And, with the way the narrator of A Book of Memories is forever splitting each action into finer and finer pieces, apparently intent, one must think, on reaching the final, primordial quark-level of thought beyond which any particular action cannot be broken down into any smaller unit, who’s to say that a hazy, not-quite-human consciousness wouldn’t be manna for him?

The Following Story

A teacher of Dutch–well, if you wanted to draw a cartoon of the type, you could take him as your model.
Teaching children the language they were already hearing in the echo chamber of the womb long before they
were born, and stunting the natural growth of that language with tedious drivel about ordinal numbers, double possessives,
split infinitives, predicate nouns, and prepositional phrases is bad enough, but to look like an underdone cutlet and
pontificate about poetry, that’s too much. And not only did he lay down the law about poetry, he wrote it too. Every
few years he would spawn yet another anemic assembly of messages from the lukewarm provinces of his soul: toothless lines,
strings of words casting aimlessly about on the page. If they ever happened to brush against a single line of Horace,
they would disintegrate without a trace.

Galatea 2.2

I read then, everything I could lay hands on. Reading was my virgin continent. I read instantly upon awakening, and was still at it well past the hour that consciousness shut down. I read for nothing, for a pleasure difficult to describe and impossible afterwards to recover.

The Puttermesser Papers by Cynthia Ozick

The Shekina fund-raiser was held in one of those mazy Upper West Side apartments where it is impossible to find the bathroom. You wander from corridor to corridor, tentatively entering bedrooms still redolent of their night odors, where the bedspreads have lain folded and unused on chairs for months. Sometimes on these journeys there will be a bewildered young child standing fearfully in your path, or else an unexpected small animal, but mostly you will encounter nothing but the stale mixed smells of an aging building. Such apartments are like demoralized old women shrouded in wrinkles, who, mourning their lost complexions, assert the dignity and importance of their prime. The bathroom sink, if you should happen to locate it in the dark (the light switch will be permanently hidden), is embroidered with the brown grime of its ancient cracks, like the lines of an astrological map; the base of the toilet, when you flush it, will trickle out a niggardly rusty stream. And then you will know how privileged you are: you have been touched by History.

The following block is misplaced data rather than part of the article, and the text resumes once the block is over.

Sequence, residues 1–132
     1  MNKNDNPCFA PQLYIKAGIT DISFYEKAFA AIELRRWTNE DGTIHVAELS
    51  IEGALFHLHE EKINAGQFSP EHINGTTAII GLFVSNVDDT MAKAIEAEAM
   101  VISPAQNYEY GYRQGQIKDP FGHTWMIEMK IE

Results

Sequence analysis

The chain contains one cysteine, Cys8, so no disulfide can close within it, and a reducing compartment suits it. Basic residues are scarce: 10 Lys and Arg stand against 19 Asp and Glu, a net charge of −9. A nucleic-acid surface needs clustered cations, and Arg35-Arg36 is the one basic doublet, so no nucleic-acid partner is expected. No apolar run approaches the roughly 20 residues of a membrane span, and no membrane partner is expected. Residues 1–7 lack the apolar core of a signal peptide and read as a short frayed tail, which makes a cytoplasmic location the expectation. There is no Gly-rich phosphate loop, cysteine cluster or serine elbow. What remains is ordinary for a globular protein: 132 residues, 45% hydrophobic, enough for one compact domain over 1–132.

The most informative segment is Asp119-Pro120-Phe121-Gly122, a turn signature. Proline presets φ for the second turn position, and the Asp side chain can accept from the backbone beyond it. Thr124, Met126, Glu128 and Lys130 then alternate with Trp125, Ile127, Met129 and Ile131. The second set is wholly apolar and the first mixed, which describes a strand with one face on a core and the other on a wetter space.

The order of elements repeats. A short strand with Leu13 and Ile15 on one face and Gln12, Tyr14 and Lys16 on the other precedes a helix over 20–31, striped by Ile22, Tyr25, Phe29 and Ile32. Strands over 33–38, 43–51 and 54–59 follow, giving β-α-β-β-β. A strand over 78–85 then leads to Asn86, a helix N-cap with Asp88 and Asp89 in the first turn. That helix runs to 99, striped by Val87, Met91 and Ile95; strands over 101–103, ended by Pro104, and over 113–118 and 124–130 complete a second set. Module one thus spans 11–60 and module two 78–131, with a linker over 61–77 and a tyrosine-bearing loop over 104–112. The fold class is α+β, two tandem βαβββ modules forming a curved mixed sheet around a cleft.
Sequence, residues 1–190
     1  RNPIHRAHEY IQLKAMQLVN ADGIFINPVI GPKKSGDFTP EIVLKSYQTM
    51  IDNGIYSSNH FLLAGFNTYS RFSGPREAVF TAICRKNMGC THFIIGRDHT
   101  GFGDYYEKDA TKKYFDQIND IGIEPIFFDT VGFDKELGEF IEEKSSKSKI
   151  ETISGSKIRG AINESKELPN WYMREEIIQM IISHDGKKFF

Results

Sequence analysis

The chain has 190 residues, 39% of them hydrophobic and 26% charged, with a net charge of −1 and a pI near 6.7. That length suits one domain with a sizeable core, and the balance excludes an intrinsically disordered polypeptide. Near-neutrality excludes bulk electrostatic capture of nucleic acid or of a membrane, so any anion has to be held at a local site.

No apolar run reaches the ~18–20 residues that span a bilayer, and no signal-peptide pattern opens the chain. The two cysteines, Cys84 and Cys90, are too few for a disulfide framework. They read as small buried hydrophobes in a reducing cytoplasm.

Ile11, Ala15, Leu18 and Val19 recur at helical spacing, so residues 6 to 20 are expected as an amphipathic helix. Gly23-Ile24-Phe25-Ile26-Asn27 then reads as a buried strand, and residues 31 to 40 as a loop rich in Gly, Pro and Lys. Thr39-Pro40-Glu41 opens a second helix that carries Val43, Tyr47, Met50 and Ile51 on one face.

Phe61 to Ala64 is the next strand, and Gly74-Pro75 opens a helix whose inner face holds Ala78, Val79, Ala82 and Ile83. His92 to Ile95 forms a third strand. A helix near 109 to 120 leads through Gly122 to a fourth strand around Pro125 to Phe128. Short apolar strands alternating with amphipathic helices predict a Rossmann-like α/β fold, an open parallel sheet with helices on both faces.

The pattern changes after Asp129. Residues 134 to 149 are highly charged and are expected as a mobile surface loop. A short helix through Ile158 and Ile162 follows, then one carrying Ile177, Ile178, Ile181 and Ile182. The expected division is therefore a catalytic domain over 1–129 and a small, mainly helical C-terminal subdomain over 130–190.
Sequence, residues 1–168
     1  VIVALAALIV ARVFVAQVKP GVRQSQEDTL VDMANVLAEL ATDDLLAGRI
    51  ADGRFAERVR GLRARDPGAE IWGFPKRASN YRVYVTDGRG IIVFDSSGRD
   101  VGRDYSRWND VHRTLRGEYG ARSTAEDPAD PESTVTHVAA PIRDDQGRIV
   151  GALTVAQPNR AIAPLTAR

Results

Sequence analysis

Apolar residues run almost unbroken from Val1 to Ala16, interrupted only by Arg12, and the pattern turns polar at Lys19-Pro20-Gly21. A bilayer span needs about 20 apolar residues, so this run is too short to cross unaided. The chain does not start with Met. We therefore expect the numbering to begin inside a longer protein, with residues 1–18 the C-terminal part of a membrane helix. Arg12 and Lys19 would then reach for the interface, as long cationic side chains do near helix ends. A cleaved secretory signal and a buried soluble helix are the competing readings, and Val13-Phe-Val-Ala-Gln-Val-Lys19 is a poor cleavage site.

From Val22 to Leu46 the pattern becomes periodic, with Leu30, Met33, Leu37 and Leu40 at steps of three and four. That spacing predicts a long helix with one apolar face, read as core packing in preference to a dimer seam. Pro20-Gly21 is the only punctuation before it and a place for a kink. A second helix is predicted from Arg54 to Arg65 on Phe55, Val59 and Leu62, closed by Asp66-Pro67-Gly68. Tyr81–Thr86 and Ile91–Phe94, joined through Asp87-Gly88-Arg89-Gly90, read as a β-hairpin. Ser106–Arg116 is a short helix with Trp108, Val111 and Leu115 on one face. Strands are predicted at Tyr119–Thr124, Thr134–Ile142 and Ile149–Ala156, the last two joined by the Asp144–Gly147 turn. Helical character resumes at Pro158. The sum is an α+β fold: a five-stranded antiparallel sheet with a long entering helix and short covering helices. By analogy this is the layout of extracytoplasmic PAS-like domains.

Golem Song by Marc Estrin

The walls were floor-to-ceilinged with books–the great works of all periods. No less-than-literature volumes here. The exalted Germans and towering Russians took eye-level pride of place. And there were shrines, little face-out areas of shelving, sometimes decorated with statuettes or postcards–Buddha and Beethoven, Jarry and Rabelais, Einstein and Dostoevsky, George Steiner and Samuel Beckett, Shakespeare, Joyce, and Dylan Thomas, Wittgenstein and Spengler, Heidegger, Schopenhauer, and Clock–and the mysterious cover of Alexander Theroux’s Darconville’s Cat. And music galore. Old vinyls, cassettes, and CDs, arranged by composer, from Adam de la Halle to Zelenka. The complete works of every major composer except Brahms, multiple versions of favorite pieces, all three completions of Mahler’s Tenth, closely compared–and his pride and joy, a 1922 edition of Grove Encyclopedia of Music and Musicians in six volumes. His "reference section" included a 1911 Britannica, read through up to J, and a 1945 twenty-volume edition of the Oxford English Dictionary, whose volumes he would often take to bed with him to read, caress, and smell.

The Puttermesser Papers by Cynthia Ozick

There, at any rate, Puttermesser would sit, in Eden, under a middle-sized tree, in the solid blaze of an infinite heart-of-summer July green, green, green everywhere, green above and green below, herself gleaming and made glorious by sweat, every inch annihilated, fecundity dismissed. And there Puttermesser would, as she imagined it, take in. Ready to her left hand, the box of fudge (rather like the fudge sold to the lower school by the eighth-grade cooking class in P.S. 74, the Bronx, circa 1942); ready to her right hand, a borrowed steeple of library books . . .

Here Puttermesser sits. Day after celestial day, perfection of desire upon perfection of contemplation, into the exaltations of an uninterrupted forever, she eats fudge in human shape (once known–no use covering this up–as nigger babies0, or fudge in square shapes (and in Eden there is no tooth decay); and she reads.

Golem Song

Alan gawked at the lipstick kiss on his shoulder, and gazed back at the poster he had been leaning on. A blonde male model, shot head-first, recumbent in his briefs, foreshortened, looking for all the world like a god on a slab, featuring a pudendal mountain under pesticide-free cotton. At the peak of the mount, as if planted by Sir Edmund Hilary’s wife herself, a full-mouthed press of lipstick, yum. This was the attestation that had transferred itself (less passionately) to Alan’s shoulder. Sex in the age of mechanical reproduction.

The Gold Bug Variations

What he had done, how he had chosen to spend his energies, really was science. A way of looking, reverencing. And the purpose of all science, like living, which amounts ot the same thing, was not the accumulations of Gnostic power, fixing of formulas for the names of God, stockpiling brutal efficiency, accomplishing the sadistic myth of progress. the purpose of science was to revive and cultivate a perpetual state of wonder. For nothing deserved wonder so much as our capacity to feel it. (611)